The first Cabinet of free India also included SP Mookerjee of the Hindu Mahasabha and Baldev Singh of the Akali Dal, who had likewise been bitterly opposed to the Congress-led freedom struggle. Other Cabinet posts were offered to the businessman CH Bhabha and the administrator N Gopalaswami Ayyangar, who had no previous party affiliation.
Why am I recalling this past history now? Because it speaks so directly to the present. For, in the wake of the coronavirus pandemic (Covid-19), the country faces probably its greatest challenge since Partition. Even before the virus hit us, the economy was in shambles. Now, it will deteriorate much further. The travel and tourism industries have been devastated. The lockdown has massively affected both manufacturing and agriculture. This pandemic and its fallout have already led to enormous human suffering, and this will multiply. In this scenario, to restore social trust and to rebuild the economy may be beyond the abilities of one man and his small circle of trusted advisers.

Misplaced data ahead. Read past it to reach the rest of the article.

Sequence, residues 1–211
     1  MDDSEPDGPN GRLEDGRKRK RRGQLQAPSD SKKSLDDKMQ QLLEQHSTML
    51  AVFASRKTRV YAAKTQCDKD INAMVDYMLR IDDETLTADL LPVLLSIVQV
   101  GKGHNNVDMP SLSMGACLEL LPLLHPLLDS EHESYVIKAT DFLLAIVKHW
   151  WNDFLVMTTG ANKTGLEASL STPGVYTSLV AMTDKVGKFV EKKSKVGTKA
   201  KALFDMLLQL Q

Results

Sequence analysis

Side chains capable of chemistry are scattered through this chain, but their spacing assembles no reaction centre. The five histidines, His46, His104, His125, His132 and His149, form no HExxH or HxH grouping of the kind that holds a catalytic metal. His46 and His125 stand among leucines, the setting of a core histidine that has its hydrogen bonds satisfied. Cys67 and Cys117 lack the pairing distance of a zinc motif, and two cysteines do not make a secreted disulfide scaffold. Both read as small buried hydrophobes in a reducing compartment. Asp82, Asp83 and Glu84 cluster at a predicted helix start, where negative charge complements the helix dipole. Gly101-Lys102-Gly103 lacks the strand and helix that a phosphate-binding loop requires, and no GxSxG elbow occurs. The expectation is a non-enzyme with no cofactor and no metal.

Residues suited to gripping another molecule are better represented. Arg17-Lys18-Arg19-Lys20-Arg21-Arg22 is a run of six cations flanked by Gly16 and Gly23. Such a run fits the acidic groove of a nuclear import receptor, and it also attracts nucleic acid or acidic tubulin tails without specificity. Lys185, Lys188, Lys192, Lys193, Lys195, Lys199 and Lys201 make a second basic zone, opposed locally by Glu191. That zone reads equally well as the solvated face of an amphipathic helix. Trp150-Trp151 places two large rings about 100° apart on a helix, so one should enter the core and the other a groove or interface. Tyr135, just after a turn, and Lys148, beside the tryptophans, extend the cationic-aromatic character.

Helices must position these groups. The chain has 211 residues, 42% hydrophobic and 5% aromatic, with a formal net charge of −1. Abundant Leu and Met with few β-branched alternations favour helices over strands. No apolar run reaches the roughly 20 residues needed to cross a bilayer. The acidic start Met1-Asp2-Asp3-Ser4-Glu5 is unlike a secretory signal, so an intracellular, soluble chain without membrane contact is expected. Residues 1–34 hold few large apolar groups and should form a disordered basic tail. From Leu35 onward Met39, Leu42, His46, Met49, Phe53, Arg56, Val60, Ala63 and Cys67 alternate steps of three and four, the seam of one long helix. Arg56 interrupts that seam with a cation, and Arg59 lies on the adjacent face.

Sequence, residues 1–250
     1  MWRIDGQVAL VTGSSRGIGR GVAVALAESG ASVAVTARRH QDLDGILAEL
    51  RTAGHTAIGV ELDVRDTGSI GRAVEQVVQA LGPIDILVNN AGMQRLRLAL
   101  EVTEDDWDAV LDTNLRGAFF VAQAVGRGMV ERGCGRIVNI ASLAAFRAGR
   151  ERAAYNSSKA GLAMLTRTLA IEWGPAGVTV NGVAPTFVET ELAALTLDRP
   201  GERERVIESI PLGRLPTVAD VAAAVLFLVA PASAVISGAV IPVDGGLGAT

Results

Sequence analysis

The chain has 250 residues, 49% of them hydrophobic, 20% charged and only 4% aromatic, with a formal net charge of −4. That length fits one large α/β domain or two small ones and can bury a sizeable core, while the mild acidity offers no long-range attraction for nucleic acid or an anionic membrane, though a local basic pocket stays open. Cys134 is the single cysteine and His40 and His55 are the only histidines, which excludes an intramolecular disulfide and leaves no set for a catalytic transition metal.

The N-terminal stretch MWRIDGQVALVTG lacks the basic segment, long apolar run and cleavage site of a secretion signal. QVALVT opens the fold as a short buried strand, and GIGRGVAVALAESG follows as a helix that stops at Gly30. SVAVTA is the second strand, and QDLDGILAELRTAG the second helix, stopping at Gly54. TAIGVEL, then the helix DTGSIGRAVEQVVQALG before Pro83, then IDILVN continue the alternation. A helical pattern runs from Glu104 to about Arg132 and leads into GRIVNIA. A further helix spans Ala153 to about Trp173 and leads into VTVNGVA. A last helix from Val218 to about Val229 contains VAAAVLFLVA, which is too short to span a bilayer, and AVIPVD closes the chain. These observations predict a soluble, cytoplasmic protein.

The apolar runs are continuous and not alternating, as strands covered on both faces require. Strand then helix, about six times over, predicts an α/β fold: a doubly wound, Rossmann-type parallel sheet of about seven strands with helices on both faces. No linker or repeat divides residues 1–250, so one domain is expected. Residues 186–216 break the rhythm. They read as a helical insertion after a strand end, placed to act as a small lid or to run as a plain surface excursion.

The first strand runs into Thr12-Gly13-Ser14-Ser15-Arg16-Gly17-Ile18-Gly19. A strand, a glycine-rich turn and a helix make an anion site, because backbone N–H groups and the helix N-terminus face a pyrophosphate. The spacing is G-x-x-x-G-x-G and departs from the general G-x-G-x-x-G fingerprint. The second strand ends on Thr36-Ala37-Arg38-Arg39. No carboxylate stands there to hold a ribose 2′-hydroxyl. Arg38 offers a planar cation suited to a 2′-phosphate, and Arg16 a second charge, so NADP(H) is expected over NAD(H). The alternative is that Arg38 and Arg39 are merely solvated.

Another lesson from the past may be relevant here. Through the 1930s and 1940s, Nehru and Patel detested Indian members of the colonial bureaucracy, the brown-skinned men who aided the Raj in repressing the freedom movement, and who put thousands of their compatriots in prison. Yet, after Independence, Nehru and Patel chose the best of these ex-lackeys of the Raj to help them unite India and give it a democratic template. Four Indian bureaucrats who earlier devotedly served British Viceroys made outstanding contributions to the building of our Republic. These were BN Rau through his work on drafting the Constitution, VP Menon through his work on integrating the princely states, Sukumar Sen through his work on organising the first general elections, and Tarlok Singh, through his work on settling the refugees from West Pakistan.